Ah, analytics. The word alone is enough to make some cower in fear and others rub their hands in anticipation. Regardless of how you personally feel about it, it is a pretty (very) useful tool for any kind of business – if you use the right kind of analytics. And chances are you can find something specific for your organisation.
What do you expect from it and who will be working with it? That’s precisely where the challenge lies: from the early days, server logs and web statistics could be understood by the ‘techy’ types within organisations, but not so much the content-creating folks. More sophisticated analytics were developed to change that, but it still doesn’t mean that data is now easy to interpret for everyone. And in the flood of data that is currently available, deciding what data actually matters is paramount.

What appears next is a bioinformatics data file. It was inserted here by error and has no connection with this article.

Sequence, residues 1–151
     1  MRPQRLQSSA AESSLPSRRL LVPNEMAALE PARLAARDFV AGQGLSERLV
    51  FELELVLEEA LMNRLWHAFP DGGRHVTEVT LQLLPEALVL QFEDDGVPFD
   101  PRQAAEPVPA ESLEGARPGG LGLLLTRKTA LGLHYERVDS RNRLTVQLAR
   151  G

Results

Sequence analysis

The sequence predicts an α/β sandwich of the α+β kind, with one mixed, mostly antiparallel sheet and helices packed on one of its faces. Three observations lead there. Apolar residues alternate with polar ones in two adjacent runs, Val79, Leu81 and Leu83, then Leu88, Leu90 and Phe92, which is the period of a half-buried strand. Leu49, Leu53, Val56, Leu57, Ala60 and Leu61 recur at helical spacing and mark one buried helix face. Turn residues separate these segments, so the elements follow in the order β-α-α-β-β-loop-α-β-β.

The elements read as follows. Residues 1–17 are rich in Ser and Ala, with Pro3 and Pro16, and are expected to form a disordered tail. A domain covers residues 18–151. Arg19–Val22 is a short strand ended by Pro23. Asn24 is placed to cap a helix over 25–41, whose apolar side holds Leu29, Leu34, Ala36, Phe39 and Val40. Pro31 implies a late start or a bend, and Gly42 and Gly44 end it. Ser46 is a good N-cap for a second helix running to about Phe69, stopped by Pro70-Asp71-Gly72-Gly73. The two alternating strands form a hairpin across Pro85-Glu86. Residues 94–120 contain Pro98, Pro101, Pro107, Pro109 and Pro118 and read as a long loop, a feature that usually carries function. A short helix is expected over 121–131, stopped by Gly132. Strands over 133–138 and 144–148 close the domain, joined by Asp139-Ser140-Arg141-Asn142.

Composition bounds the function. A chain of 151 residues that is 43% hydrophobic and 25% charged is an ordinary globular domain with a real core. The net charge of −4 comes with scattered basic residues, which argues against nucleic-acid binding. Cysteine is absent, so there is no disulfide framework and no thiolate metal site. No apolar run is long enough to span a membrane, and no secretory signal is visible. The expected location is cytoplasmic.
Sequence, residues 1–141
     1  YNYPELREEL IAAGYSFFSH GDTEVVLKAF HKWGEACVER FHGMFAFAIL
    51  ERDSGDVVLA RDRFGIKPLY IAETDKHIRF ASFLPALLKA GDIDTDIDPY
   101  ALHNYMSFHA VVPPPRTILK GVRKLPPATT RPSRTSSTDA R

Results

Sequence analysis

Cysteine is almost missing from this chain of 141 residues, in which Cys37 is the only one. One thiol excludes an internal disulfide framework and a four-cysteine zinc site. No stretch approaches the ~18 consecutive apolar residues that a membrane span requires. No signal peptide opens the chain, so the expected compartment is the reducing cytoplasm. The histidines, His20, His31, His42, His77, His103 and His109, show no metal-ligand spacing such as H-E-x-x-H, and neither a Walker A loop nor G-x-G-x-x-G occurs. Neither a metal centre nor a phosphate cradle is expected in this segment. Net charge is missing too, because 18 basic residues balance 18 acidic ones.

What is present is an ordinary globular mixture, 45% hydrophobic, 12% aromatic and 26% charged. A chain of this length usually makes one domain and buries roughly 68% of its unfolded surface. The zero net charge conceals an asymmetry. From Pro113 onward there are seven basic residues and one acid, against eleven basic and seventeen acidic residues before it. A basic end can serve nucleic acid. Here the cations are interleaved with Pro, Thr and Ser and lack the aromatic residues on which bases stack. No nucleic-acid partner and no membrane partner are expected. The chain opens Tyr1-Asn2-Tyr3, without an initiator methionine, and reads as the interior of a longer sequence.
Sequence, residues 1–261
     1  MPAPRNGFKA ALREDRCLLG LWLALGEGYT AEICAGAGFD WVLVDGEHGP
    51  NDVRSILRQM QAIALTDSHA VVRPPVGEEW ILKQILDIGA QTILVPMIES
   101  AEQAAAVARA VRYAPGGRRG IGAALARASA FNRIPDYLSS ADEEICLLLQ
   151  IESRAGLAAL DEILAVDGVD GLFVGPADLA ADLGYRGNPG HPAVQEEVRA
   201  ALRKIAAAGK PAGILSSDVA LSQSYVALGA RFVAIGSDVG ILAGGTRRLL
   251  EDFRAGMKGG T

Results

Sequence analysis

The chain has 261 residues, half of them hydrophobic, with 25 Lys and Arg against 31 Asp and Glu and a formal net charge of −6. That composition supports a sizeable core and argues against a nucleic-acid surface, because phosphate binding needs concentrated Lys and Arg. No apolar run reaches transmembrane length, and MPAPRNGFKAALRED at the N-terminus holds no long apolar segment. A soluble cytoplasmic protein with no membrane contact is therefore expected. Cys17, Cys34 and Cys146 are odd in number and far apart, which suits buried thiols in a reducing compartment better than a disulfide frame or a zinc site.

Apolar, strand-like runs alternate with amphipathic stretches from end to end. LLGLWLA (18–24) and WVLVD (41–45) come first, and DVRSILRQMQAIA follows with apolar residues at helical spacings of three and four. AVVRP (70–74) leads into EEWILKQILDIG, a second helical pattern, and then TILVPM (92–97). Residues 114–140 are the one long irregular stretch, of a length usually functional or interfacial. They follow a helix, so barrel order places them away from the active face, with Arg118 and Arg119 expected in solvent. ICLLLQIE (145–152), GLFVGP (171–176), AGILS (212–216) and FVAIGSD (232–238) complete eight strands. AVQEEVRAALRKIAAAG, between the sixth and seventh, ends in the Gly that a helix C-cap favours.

We all need data. But what do you do with it?
The story of analytics began with ‘hits’, or what we today would call pageviews. And even today, that is still the most current statistic. Valuable information if you’re trying to increase your reach, or build a large audience for eyeballs. But what does that pageview actually tell you? It tells you that people visited the page. Nothing more, nothing less. There’s no impact value attached to that pageview. Sure, you can check scroll depth and visit length, but that still doesn’t tell you if the reader appreciated the story.
Wouldn’t you rather know if the people reading your articles are frequent visitors, or if they went on to visit more pages (or even hit that ‘subscription’ button after reading that article)?
Fortunately, there are editorial analytics tools that offer this type of information right up. But with those insights alone you’re still not there yet. Now you need to know what to do with it. In other words: you have to make the insights actionable.
Job-specific analytics are needed
The data needs to align with your goals, or it will not help you to measure them. That’s why editors need different data than journalists, marketers, and data analysts. It matters if you’re concerned with day-to-day successes, or long-term trends. Do you need the data to optimise right now or evaluate later? Job descriptions change alongside the progression of editorial analytics and the online publishing industry as a whole.